A little bit of history on how this space came to be. In 2021, working on healing my body from the year before, I began to delve a little deeper into both my perfectionist nature and the one that goes contrary to that, the nature that does not care at all. In an effort to practice imperfection and to care a little bit more about things that matter, I began this practice of not procrastinating and trusting the process of things. In other words on letting go!
Procrastination is destructive, especially when it comes to artistic projects. I held my art for too long, which the body then keeps score. The art that needs to be expressed, when unexpressed, at least in my experience has brought upon symptoms of pain, restlessness and anger.
I had convinced myself that I am not "good in business." That was a lie. I chose not to bring my focus to it. I was deep in learning mode from 2015-2019 and quite frankly I simply did not have interest in anything else but to become very familiar with contemplative Eastern philosophies like Buddhism, Zen and the yogic tradition. So, in my true "perfectionist" ways I dedicated and devoted my time to study. Now, I also want to refute why this was not perfectionism. Rather, it was single pointed concentration which the yoga sutras of Patañjali touches on in the first Pada (section).
Sutra 1.32 suggests that "practicing single pointed focus eliminates the distractions and disturbances. This sutra offers a simple yet powerful idea for counteracting the distractions and disturbances listed in sutra 1.30, as well their symptoms (1.31): one-pointedness.
In the translation and commentary provided by Sri Swami Satchidananda 1.30 talks about "disease, dullness, doubt, carelessness, laziness, sensuality, false perception, failure to reach firm ground and slipping from the ground gained--these distractions of the mind-stuff are the obstacles." He goes on to say that "the first obstacle is physical disease. Disease makes you full, and a full mind will doubt everything because it doesn't want to penetrate into a thing to understand it. When doubt is there, there is a carelessness, a sort of lethargic attitude or laziness. And, when the mind loses the interest and alertness toward the higher goal, it has to do something else so it will slowly descend to the sensual enjoyments.
Then in 1.31 it suggest that these symptoms prevent us from concentration and meditation. And, finally comes to the truth in 1.32 that "the practice of concentration on a single subject is the best way to prevent the obstacles and their accompaniments." So, in reality my perfectionism is necessary to get things going and to create something that I like to put out there. I am not obliged to do it, yet I want to do it. So to beat oneself up for being obsessed with things is counterintuitive. Now, to take a break from it all, I could say is necessary. But, one runs into the danger of stopping to care. And, that may get tricky.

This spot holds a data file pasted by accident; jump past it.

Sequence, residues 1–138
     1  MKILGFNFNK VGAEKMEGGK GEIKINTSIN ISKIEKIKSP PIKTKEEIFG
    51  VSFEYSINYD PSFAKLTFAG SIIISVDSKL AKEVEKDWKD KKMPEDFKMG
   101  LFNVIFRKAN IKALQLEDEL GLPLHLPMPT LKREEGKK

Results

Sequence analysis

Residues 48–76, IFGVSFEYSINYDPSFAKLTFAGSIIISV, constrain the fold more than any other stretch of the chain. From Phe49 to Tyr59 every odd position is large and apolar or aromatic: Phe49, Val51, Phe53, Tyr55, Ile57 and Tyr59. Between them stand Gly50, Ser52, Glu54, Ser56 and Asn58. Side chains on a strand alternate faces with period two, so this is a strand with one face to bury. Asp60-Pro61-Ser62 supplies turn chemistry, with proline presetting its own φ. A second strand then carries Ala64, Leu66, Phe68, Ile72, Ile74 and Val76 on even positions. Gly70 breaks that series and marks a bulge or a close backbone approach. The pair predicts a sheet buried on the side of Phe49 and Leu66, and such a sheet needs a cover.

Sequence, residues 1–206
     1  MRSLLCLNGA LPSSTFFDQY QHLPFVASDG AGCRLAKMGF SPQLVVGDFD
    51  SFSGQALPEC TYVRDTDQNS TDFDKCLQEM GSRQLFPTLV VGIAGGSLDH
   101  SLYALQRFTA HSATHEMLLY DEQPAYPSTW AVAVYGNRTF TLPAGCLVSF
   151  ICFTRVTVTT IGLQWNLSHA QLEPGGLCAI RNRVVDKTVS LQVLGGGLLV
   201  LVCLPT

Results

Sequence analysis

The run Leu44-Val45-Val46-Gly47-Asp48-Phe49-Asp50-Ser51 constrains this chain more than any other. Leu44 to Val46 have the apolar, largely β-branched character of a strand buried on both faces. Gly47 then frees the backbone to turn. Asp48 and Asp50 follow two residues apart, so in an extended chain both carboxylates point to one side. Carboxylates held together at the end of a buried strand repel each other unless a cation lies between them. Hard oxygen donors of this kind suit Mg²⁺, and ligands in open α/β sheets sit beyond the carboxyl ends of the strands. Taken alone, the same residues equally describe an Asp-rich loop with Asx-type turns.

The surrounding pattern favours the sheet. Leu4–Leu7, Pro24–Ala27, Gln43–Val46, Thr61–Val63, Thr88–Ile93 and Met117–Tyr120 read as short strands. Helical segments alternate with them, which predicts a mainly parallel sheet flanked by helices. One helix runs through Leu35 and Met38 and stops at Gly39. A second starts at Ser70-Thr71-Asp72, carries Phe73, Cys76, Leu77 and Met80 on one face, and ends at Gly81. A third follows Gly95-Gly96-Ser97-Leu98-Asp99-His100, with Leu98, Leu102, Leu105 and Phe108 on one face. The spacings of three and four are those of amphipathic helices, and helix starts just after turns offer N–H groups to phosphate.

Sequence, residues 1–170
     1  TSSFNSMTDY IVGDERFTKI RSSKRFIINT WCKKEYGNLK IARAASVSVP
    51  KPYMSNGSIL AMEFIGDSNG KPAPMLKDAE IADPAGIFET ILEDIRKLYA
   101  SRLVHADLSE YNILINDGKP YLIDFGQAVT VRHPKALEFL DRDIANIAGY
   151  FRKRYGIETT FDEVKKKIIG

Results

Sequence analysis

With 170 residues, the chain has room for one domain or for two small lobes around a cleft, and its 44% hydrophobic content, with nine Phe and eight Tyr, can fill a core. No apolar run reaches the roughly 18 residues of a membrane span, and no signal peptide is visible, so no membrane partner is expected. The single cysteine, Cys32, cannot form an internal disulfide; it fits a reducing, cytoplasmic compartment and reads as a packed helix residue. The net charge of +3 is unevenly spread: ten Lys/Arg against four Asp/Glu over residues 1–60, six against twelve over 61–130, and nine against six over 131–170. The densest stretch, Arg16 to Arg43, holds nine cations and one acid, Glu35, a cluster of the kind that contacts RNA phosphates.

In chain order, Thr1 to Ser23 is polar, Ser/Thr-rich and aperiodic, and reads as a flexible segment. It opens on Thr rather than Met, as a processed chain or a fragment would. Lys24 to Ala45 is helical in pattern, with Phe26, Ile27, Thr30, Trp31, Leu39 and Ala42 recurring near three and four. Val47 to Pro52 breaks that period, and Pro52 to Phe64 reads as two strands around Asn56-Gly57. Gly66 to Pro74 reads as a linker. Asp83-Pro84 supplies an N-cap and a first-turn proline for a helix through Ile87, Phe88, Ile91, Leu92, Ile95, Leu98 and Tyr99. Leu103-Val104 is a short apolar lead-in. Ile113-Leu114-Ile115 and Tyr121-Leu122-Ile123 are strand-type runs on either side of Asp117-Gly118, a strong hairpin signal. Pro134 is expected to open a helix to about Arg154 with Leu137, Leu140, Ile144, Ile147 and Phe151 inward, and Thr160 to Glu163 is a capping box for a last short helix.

So in early 2021 as I worked to finish my certification in yoga therapy and somatics with my teacher Tias Little at Prajna Yoga, I noticed how much of my blockages were a creation of social conditioning and this idea that things need to be ripe before taking action, which left my body and mind often in paralysis. Although I took big risks in many things, business was not one of them. This was my own timing and journey and I have come to fully embrace it all.
Creating Pür Joy was one of those times. And, this time around, I was able to release the idea of perfection and simply go at it. Of course, it sneaked up on me sometimes and through my contemplation and practice, I was able to get up day in and day out to get to my goal of having the space ready to host events and clients.
And, here we are. Now we find ourselves in 2024 and operating this brick and mortar business has called for being open to the fluid nature of things and not holding on to how things worked and seeing the impermanent nature of it all. To assess and reassess what is needed and what needs to go. And, this is how wabi-sabi comes into play.
What is Wabi Sabi?
Taken from the Japanese words wabi, which translates to less is more, and sabi, which means attentive melancholy, wabi-sabi refers to an awareness of the transient nature of earthly things and a corresponding pleasure in the things that bear the mark of this impermanence.
The part about wabi-sabi that excites me most though is the acceptance of not only the transcient nature of things, also the imperfect nature of phenomena.
This imperfect, impermanent and incomplete nature of things helps us perfectionist types learn to slowly let go of how things ought to be. So as I evolve and the business too, to let go of all that I thought was going to be and see what small actions I can put into place has been a game changer. To work with the flow of things rather than force. And sometimes, not overthink things, like the writing of this piece and simply putting it out there open to critique and change. To see the business as an imperfect artistic project and one that I care about is the recipe necessary to meet the demands of the changing nature of what my community needs and what I need. To not stop learning and be open to it all only helps and enhances.
I will end with a David Whyte poem.
You arrived as a ripple of change emanating
from an original, unstoppable,
memory, a then made now,
entirely yourself, found now in the world,
now as creator of that world,
you were a signature written in sand
taken by the ocean and scattered
to another wave form, your disappearance
only made more beautiful
by the everyday arrival of a tide
where my voice can still join yours,
hungering for the fall of water,
so that walking the reflected sand,
I set myself to learn by your going,
knowing across death’s wide ocean,
the ultimate parallel to friendship.
What say you about all this? Please share your thoughts below.